I had assumed that Robert had gone out to South Africa to send back botanical specimens to the family firm, such as the indigenous Proteas and Osteospermum Daisies of the Fynbos vegetation but on searching the varieties listed in Hortus Veitchii by James Herbert Veitch, I could find no mention of them. With much research I found that Robert had emigrated to Cape of Good Hope to become a farmer. He had studied farming in England, went on to manage a farm growing corn in Smyrna Turkey before living in the Cape of Good Hope Colony and fighting in two of the Kaffir Wars.

He returned to Devon with his family in 1856 to join the business which he took over on the death of his father James in 1863.

He extended the business from a four-acre site to one of 37 acres.

His particular interest was in developing new varieties of fruit and Rhododendrons and plants that flourished in the Devon climate. [Obituary Exeter and Plymouth Gazette Fri 23 Jan 1885]

There is a blue plaque on 11 Elm Grove Road Exeter where he lived with his family.

Peter Christian Massyn Veitch 1850-1926

Peter, born at the Cape of Good Hope South Africa, was the second son of Robert and Sarah and he joined his father Robert in the Exeter business in 1880 when it became Robert Veitch and Son.

Peter had travelled extensively as a young man around the islands of the South Pacific and had gained experience in French and German Nurseries as well as the Chelsea branch of Veitch Nurseries under his uncle James Veitch junior in the Trees and Shrubs section.

He married Harriett Drew in 1881, they had 6 children, Harold Massyn 1883, Gladys 1884, Robert Norman 1886, John Leonard 1887 (shown as working in the Nursery on the 1911 census), Anna Mildred 1889 and Olive 1891.

Ann Mildred Veitch 1889-1971

Known as Mildred, like many of the Veitch family known by their second name, joined Peter in the business in 1919.  She took over the business after her father’s death in 1929 although she retained the name of Robert Veitch and Son. She moved the nursery in 1931 from New North Road to Alphington which was nearer their site at Exminster. The Seed shop moved from the High Street Exeter to Catherdral Close and remained in business until the late 1960’s.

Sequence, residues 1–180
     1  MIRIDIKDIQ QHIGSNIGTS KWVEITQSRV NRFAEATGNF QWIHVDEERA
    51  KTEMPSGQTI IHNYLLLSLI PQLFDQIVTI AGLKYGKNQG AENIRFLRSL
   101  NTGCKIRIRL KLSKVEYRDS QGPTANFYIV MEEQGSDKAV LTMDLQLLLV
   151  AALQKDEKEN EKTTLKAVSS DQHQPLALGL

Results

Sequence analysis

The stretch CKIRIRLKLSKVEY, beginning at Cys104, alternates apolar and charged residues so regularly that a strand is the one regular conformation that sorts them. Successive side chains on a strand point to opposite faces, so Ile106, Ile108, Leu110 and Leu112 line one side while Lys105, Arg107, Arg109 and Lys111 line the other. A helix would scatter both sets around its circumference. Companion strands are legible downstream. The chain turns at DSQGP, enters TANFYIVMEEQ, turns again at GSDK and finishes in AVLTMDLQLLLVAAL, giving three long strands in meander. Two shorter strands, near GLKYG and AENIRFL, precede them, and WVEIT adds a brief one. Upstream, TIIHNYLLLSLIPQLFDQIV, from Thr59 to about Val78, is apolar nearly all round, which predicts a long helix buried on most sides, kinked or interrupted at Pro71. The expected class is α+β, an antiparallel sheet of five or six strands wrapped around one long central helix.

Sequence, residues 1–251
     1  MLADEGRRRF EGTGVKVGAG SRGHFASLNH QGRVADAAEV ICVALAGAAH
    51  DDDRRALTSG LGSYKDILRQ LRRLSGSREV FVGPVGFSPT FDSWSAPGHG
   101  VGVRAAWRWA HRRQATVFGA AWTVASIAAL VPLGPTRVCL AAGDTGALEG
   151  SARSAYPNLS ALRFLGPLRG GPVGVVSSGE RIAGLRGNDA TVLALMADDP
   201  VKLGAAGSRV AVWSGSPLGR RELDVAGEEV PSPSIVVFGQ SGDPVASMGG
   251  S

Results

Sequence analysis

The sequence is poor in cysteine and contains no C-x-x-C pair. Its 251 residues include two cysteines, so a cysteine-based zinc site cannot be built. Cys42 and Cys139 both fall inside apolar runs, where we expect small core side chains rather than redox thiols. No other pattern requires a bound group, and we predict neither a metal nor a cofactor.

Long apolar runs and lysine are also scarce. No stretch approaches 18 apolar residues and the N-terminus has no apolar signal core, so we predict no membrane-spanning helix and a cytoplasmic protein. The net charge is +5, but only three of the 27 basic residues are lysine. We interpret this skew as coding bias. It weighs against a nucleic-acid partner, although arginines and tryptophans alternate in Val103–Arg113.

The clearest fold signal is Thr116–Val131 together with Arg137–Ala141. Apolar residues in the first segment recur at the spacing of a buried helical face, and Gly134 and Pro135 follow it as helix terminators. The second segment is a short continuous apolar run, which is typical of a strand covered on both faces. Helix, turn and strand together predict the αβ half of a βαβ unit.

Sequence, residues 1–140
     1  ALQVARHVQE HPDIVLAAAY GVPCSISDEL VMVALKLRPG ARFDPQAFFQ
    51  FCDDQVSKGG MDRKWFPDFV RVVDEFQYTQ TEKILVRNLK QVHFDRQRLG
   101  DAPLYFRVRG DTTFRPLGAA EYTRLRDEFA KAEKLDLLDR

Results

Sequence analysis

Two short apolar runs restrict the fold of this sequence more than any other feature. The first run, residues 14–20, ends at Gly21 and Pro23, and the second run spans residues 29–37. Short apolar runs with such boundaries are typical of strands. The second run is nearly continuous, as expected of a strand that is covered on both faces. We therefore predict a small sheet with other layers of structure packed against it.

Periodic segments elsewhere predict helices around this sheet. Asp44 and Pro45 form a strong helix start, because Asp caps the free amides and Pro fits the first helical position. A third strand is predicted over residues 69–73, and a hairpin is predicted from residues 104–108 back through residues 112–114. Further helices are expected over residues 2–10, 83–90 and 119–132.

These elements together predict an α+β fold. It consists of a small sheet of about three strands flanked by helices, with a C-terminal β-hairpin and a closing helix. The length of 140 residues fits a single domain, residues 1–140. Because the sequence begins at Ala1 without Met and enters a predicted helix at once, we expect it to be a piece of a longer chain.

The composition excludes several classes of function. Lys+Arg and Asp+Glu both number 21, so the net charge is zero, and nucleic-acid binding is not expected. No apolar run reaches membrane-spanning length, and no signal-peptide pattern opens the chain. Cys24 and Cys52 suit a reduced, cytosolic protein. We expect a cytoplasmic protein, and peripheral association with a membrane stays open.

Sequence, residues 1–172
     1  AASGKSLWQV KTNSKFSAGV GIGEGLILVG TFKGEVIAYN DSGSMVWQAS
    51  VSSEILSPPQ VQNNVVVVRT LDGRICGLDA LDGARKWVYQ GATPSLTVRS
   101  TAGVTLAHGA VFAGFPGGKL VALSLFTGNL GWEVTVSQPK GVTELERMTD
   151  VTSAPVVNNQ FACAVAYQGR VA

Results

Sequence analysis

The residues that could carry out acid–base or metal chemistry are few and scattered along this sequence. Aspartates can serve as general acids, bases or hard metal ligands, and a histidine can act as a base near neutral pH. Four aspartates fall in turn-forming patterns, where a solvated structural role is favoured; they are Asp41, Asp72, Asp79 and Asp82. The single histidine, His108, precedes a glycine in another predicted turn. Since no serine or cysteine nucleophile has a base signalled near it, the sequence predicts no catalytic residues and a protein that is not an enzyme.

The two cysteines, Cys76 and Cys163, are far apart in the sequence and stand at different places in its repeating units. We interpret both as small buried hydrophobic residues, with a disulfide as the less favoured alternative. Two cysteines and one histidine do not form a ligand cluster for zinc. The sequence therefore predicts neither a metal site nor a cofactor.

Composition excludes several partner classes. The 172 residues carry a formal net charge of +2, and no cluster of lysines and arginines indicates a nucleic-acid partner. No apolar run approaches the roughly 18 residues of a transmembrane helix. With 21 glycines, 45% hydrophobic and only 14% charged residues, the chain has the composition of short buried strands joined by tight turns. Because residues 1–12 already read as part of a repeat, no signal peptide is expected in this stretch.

Mildred’s nephew Douglas H.M.Veitch worked in the Nursery between 1946-50 before migrating to Rhodesia in the early 1950’s.

Owing to ill health and no other family members remaining to take it on, Mildred was forced to sell the business in 1969 to St Bridget Nurseries of Exeter. It continued under the name of Robert Veitch and Son into the 1990’s but is now a subsidiary of St Bridget Nurseries.

There is a Lamppost Trail, which takes you around the area where the Veitch Nurseries, orchards and family home were, on which plants introduced by the Veitch family have been painted.

…Sandi Vass, Assistant Librarian

Sources and References

Devon Garden Plants-The magic tree by the NCCPG Devon Group

Hortus Veitchii James Herbert Veitch

The Garden History of Devon Todd Gray

The Veitch Heritage Garden